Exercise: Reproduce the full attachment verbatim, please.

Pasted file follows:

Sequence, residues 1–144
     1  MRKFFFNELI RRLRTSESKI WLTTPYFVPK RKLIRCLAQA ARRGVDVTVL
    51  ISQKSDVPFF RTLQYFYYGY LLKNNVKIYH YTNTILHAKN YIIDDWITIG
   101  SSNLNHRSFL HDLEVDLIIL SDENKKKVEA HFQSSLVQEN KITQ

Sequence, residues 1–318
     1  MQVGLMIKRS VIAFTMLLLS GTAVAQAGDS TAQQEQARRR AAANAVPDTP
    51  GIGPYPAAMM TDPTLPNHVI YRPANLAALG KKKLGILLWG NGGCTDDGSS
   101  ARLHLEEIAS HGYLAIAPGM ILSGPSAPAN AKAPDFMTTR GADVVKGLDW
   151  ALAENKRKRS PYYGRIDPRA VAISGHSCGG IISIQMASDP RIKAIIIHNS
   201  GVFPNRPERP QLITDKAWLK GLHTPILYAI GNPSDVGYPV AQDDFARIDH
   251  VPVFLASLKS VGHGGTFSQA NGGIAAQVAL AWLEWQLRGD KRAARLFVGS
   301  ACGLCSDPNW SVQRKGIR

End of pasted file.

Sequence, residues 1–144
     1  MRKFFFNELI RRLRTSESKI WLTTPYFVPK RKLIRCLAQA ARRGVDVTVL
    51  ISQKSDVPFF RTLQYFYYGY LLKNNVKIYH YTNTILHAKN YIIDDWITIG
   101  SSNLNHRSFL HDLEVDLIIL SDENKKKVEA HFQSSLVQEN KITQ

Sequence, residues 1–318
     1  MQVGLMIKRS VIAFTMLLLS GTAVAQAGDS TAQQEQARRR AAANAVPDTP
    51  GIGPYPAAMM TDPTLPNHVI YRPANLAALG KKKLGILLWG NGGCTDDGSS
   101  ARLHLEEIAS HGYLAIAPGM ILSGPSAPAN AKAPDFMTTR GADVVKGLDW
   151  ALAENKRKRS PYYGRIDPRA VAISGHSCGG IISIQMASDP RIKAIIIHNS
   201  GVFPNRPERP QLITDKAWLK GLHTPILYAI GNPSDVGYPV AQDDFARIDH
   251  VPVFLASLKS VGHGGTFSQA NGGIAAQVAL AWLEWQLRGD KRAARLFVGS
   301  ACGLCSDPNW SVQRKGIR